Allen Weinstein is the former head of the National Archives and Records Administration, where he supervised 3,000 employees of NARA and its affiliated organizations until his retirement December 31, 2008. In that capacity, he also directed 13 Presidential libraries. Before serving at NARA, Weinstein was president of The Center of Democracy, a foundation he created in 1985 to encourage the democratic process. Previously, he was a professor at Boston University, Georgetown University, and Smith College. In 1986, Weinstein was the recipient of the United Nations Peace Medal for “efforts to promote peace, dialogue, and free elections in several critical parts of the world.” Dr. Weinstein’s books include The Story of America (DK Publishers, 2002), The Haunted Wood: Soviet Espionage in America – The Stalin Era (Random House, 1999; Modern Library paperback, 2000); Perjury: The Hiss-Chambers Case (Knopf), which received several citations including an American Book Award nomination; Freedom and Crisis: An American History (Random House, 3 eds.); Between the Wars: American Foreign Policy from Versailles to Pearl Harbor (Berkley paperback); Prelude to Populism (Yale University Press); and among edited collections, Conflict in America (Voice of America); American Negro Slavery (4th ed., Oxford University Press); American Themes: Essays in Historiography (Oxford); and Truman and the American Commitment to Israel (Hebrew University/Magnes Press). Dr. Weinstein’s articles and essays have appeared in The American Scholar, The American Historical Review, The Business History Review, Commentary, Encounter, Esquire, The Journal of American History, The Journal of American Studies, The New Republic, New York, The New York Review of Books, The New York Times, Newsweek, Time, U.S. News and World Report, The Wall Street Journal, and The Washington Post. His television credits include that of historical consultant on two History Channel programs on Soviet espionage (1998-1999), the 1983-89 PBS series Face-to-Face: Conversations on the U.S.-Soviet Summitry (Co-Host, Editor and Writer), The Salvadoran Debate (Moderator and Producer, 1984), and Inside Washington (Host and Creator), a 1981 PBS public affairs series. He has been a frequent commentator on CNN, C-SPAN, and other networks.
Robert C. Wilburn
Robert C. Wilburn has served as Chief Executive Officer in five quite different environments over the past 35 years. In each one he has rekindled a new sense of purpose, generating excitement and a vision of new possibilities. Under his leadership, the number of customers, members, and/or donors increased sharply within each organization, bringing with them greater commitment and participation. From 2000 to 2009, Mr. Wilburn was the President and CEO of the Gettysburg National Battlefield Museum Foundation. When the Museum Foundation and the Friends of Gettysburg merged to form the Gettysburg Foundation in 2006, he became President and CEO of the new organization. Wilburn also is a member of the National Commission for the United Nations Educational, Scientific and Cultural Organization (UNESCO), the Woodrow Wilson School Advisory Commission of Princeton University, and past president of the International Commission on Monuments and Other Sites (ICOMOS). Prior to joining the Gettysburg Foundation, Wilburn served as president and CEO of the Colonial Williamsburg Foundation, an organization of some 3,500 employees with an operating budget of nearly $200 million. There, he was successful in reversing a decline in attendance and finances through innovative and interactive on-site programming. Parallel results were achieved at the Carnegie Institute in Pittsburgh, where Wilburn served as President and CEO for eight years from 1984 until 1992. During his tenure, membership tripled, attendance increased sharply, and donations soared as the community became increasingly involved. Before he joined the Carnegie Institute, Wilburn served as a cabinet member for six years for Pennsylvania Governor Dick Thornburgh, first in charge of the Office of Budget and Administration and then as Secretary of Education. As Secretary of Budget and Administration, in addition to successfully negotiating contracts with each of 23 unions, he directed the creation and adoption of four consecutive balanced budgets with no tax increases, the first time that this had been accomplished since World War II. As Secretary of Education, he shepherded the implementation of the newly legislated State System of Higher Education. High school graduation requirements were revised and significantly enhanced, the first major curriculum reform in 25 years. Teacher training standards were increased and the first statewide assessment system for students was put in place. Governor Thornburgh tapped Wilburn for service in his Cabinet based on his accomplishments and reputation at Indiana University of Pennsylvania. To become President of IUP, he left a successful career in banking where he had held several positions at Chase Manhattan Bank, including Executive Director of the Asset Liability Management Committee. Prior to that, he held positions in the Defense Department and the White House working on policy development, most notably the legislation creating the all-volunteer armed forces. Wilburn received his education at the United States Air Force Academy, earning a BS in economics and engineering: and at Princeton University where he earned Masters and Ph.D. degrees in economics and public affairs. He and his wife, Pat, live in an 1840s farmhouse in Western Pennsylvania. This has been the “home base” for them, their four children, three grandchildren, and numerous rare breeds of animals for the past 30 years.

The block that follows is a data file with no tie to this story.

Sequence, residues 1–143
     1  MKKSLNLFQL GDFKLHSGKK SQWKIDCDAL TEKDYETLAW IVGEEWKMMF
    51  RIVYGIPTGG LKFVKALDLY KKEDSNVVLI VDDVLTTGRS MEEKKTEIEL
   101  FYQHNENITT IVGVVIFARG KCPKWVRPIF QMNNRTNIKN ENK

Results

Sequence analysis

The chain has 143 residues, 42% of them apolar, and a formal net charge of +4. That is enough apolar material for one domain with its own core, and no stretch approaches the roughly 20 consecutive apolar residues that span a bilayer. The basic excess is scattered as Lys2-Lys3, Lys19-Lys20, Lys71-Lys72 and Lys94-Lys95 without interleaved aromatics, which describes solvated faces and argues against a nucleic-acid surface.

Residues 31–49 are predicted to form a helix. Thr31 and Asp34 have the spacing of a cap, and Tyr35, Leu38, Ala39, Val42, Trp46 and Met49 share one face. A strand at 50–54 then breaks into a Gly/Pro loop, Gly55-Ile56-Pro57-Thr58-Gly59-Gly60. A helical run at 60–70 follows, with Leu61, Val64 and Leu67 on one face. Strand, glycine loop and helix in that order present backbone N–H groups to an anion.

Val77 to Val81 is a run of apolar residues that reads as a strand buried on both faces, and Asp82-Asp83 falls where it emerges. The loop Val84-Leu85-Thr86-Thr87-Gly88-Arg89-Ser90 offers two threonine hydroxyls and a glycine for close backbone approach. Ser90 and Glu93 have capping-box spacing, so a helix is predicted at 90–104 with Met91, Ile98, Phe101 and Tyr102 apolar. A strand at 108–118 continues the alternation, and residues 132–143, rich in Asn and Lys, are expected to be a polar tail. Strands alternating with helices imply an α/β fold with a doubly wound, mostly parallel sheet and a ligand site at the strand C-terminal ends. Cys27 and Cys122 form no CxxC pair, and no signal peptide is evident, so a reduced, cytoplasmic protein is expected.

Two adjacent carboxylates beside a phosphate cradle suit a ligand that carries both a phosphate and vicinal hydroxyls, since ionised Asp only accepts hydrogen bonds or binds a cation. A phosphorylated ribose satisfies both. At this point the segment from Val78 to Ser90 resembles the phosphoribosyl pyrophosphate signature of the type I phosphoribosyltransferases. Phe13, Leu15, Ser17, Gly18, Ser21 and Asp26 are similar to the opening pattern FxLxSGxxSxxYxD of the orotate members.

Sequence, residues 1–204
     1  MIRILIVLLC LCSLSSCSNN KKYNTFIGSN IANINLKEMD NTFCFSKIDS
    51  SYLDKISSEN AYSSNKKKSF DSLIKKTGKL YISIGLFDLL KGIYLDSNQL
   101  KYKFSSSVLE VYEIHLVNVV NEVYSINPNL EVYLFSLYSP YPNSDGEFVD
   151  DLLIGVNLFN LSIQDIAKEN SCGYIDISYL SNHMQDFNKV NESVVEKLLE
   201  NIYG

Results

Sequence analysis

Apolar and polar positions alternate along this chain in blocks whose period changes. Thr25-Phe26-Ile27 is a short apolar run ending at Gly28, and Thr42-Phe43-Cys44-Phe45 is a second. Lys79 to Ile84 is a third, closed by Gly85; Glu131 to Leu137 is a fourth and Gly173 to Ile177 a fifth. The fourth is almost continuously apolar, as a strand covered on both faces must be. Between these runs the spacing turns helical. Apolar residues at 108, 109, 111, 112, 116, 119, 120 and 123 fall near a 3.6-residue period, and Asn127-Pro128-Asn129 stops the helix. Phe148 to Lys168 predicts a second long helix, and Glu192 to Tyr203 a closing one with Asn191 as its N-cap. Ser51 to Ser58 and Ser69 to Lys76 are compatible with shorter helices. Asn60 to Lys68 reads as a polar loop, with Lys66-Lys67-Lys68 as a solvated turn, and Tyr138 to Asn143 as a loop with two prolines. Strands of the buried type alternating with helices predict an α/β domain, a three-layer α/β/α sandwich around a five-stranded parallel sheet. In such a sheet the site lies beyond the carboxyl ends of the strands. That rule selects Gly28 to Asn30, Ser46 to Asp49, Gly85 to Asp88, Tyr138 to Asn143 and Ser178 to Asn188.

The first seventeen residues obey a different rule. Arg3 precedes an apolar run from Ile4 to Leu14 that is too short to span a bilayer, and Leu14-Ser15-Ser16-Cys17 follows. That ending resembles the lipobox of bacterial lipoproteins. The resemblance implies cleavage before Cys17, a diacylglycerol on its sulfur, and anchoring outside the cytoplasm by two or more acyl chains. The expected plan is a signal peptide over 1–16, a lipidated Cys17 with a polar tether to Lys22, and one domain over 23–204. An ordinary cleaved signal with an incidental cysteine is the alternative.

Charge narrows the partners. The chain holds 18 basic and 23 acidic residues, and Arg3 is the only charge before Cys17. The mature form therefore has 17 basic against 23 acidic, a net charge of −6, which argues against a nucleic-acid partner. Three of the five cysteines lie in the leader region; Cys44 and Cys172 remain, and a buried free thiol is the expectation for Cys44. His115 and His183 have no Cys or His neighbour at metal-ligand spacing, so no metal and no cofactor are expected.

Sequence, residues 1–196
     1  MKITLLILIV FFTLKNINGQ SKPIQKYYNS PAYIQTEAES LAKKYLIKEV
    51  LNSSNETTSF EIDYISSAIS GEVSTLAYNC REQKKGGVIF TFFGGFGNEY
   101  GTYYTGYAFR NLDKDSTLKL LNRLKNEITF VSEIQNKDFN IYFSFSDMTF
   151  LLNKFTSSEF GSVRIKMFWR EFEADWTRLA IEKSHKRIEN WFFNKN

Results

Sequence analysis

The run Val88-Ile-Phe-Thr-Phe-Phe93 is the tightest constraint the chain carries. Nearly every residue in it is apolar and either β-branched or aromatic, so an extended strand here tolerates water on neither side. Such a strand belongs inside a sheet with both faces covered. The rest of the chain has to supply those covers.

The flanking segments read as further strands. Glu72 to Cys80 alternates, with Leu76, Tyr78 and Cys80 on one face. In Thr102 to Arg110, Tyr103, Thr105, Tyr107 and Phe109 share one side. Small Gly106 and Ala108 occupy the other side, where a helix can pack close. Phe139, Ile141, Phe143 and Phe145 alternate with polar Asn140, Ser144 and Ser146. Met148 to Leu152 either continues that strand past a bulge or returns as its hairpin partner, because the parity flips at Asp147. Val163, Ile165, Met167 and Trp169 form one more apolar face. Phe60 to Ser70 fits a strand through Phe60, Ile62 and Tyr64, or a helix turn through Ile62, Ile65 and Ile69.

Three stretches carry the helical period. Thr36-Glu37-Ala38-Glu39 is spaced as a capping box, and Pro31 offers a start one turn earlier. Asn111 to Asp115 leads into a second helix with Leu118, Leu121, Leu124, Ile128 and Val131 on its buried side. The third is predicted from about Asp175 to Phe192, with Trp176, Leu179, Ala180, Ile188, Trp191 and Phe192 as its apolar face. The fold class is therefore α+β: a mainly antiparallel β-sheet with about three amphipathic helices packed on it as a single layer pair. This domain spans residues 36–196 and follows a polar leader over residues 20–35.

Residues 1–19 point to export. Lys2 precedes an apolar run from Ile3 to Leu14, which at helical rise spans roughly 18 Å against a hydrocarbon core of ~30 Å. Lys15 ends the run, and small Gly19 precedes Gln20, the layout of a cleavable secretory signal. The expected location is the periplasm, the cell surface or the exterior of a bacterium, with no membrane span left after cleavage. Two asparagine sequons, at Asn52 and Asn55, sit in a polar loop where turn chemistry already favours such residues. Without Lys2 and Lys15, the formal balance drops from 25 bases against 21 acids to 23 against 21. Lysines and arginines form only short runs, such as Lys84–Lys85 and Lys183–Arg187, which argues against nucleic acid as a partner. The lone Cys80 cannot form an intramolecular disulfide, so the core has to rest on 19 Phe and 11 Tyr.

Enjoy our work? Help us keep going.

Now in its 75th year, American Heritage relies on contributions from readers like you to survive. You can support this magazine of trusted historical writing and the volunteers that sustain it by donating today.